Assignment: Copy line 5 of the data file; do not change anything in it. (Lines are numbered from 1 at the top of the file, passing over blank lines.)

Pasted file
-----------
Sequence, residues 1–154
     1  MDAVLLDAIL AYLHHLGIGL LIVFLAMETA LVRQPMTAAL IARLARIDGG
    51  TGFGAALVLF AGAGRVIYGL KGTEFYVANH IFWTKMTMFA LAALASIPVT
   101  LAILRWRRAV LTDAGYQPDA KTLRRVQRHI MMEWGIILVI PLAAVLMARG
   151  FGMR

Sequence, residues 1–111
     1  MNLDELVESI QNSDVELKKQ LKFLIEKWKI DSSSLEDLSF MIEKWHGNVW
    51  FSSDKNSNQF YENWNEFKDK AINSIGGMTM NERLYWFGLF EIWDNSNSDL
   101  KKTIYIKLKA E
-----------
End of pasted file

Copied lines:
   151  FGMR